This paper reviews the findings of a study commissioned by the California Department of Transportation to evaluate the potential of infrared and passive millimeter-wave imaging technologies for traffic surveillance and automated detection. Images formed from radiation at infrared and millimeter wavelengths are characterized by fundamentally different information compared with visible-spectrum images, and generally improved ability to penetrate obscured atmospheres such as fog or dust.

Ten examples of commercially available infrared (IR) imaging technologies and one experimental passive millimeter-wave (MMW) radiometric imaging apparatus were evaluated with respect to the specific requirements of highway monitoring and traffic management. A suite of traffic images and performance-related test data were acquired for each imaging system over a range of traffic and environmental conditions. Evaluation criteria included the usable information content of images in both clear and obscured atmospheres, image noise, EIA/ NTSC standard video test metrics, advantages and limitations related to technical features, and human interface factors. A general metric was developed to facilitate the comparison of the quality and information content of the video images produced by imaging systems operating in different spectral bands. A software-based image processing program was developed to analyze digitized video samples produced by each imaging system with respect to this metric. Results are classified by spectral band, scene condition, and imaging technology. Recommendations are made regarding the attributes, and technical advantages and limitations of each imaging technology for specific traffic monitoring and management situations.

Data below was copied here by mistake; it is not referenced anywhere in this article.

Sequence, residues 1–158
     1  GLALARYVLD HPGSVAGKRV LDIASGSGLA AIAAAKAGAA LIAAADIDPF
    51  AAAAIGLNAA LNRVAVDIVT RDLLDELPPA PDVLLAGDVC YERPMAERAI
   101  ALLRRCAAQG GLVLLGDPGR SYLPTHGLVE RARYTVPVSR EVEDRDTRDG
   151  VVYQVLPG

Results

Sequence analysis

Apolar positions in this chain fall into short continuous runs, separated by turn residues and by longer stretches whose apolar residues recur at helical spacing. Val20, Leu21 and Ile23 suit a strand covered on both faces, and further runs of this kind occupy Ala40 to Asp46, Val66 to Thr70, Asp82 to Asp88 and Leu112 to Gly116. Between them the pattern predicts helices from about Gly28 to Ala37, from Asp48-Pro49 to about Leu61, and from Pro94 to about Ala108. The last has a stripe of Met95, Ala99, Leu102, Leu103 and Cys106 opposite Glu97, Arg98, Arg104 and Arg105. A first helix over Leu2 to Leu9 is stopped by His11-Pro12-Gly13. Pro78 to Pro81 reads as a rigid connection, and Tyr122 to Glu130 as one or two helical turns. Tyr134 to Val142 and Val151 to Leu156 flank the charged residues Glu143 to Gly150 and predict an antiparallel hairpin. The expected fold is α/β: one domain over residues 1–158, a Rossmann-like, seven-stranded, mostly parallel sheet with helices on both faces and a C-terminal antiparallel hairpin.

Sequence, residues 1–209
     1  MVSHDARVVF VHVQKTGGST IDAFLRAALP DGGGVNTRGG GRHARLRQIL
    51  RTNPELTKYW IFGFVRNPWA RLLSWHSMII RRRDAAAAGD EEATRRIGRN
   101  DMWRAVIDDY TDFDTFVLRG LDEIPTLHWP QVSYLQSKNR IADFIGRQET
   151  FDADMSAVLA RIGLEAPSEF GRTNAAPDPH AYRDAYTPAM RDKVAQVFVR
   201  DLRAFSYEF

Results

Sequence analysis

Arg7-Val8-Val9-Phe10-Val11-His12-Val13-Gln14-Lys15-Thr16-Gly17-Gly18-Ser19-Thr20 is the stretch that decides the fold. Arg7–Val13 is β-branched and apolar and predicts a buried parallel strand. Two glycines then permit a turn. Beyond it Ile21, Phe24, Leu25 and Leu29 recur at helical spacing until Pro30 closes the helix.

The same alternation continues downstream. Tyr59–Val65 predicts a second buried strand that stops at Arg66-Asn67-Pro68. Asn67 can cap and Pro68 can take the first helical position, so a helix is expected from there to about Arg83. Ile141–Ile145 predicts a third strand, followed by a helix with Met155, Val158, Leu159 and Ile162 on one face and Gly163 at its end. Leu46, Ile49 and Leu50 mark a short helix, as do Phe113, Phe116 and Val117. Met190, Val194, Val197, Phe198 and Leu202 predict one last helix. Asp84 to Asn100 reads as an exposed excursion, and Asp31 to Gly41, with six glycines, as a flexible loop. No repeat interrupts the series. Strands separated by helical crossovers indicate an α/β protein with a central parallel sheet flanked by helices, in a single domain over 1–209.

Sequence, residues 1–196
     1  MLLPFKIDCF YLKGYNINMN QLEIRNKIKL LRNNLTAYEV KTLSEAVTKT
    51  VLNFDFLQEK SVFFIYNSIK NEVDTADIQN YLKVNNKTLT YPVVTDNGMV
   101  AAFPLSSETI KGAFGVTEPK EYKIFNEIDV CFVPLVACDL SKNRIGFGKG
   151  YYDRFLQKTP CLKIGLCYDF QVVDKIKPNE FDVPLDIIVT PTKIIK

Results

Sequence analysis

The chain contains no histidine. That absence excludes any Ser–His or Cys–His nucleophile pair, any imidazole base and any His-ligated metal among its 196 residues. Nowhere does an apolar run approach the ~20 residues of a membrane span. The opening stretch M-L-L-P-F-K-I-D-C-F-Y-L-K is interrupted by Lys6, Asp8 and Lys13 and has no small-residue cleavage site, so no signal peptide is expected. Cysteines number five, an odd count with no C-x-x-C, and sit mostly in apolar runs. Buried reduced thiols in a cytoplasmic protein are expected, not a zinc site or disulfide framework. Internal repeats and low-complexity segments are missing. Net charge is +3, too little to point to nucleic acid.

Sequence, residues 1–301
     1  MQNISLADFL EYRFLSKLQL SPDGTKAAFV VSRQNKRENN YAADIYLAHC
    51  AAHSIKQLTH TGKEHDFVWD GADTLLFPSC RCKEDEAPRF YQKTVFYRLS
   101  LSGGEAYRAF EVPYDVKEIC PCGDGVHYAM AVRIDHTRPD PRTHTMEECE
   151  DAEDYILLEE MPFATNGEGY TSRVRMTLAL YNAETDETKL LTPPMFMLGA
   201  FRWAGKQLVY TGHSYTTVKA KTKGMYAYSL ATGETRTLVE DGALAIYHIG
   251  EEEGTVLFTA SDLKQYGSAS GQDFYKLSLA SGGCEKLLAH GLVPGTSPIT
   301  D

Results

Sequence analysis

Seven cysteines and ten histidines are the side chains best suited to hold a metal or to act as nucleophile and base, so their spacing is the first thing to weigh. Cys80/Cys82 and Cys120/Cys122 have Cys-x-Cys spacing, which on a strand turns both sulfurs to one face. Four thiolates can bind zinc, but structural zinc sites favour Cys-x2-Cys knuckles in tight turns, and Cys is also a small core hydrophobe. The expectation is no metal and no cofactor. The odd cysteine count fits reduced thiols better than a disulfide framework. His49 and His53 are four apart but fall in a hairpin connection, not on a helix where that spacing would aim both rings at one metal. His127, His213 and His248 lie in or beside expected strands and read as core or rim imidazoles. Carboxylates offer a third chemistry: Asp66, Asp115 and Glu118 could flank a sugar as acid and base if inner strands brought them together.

Electrical and Computer Engineering

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URL: https://digitalcommons.calpoly.edu/eeng_fac/292